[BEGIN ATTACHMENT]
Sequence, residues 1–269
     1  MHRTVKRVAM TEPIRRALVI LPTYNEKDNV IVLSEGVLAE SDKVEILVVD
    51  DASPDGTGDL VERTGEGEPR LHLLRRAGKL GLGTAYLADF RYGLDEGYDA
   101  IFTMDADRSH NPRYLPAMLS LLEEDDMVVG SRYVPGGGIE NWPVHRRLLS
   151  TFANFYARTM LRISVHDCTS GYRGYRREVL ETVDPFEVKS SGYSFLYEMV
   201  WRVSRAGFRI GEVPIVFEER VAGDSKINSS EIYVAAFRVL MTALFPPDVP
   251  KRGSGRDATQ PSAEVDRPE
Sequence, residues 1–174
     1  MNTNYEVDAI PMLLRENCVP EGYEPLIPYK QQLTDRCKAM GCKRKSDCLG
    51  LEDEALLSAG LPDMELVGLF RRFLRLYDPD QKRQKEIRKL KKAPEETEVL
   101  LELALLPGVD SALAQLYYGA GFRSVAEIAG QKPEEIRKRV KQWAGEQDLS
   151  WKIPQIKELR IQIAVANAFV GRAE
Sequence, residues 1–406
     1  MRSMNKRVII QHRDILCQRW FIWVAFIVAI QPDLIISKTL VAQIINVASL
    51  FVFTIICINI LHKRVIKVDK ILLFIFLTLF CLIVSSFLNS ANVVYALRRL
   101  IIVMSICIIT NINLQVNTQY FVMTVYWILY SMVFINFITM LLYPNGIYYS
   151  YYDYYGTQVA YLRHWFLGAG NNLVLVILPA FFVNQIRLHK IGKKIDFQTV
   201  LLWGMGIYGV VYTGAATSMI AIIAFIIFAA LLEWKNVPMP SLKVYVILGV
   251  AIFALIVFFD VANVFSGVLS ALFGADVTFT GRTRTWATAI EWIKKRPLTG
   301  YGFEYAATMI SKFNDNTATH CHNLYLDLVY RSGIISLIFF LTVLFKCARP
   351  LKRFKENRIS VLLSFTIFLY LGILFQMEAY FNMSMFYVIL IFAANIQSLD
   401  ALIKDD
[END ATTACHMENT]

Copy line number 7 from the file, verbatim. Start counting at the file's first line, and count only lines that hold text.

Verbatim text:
   251  KRGSGRDATQ PSAEVDRPE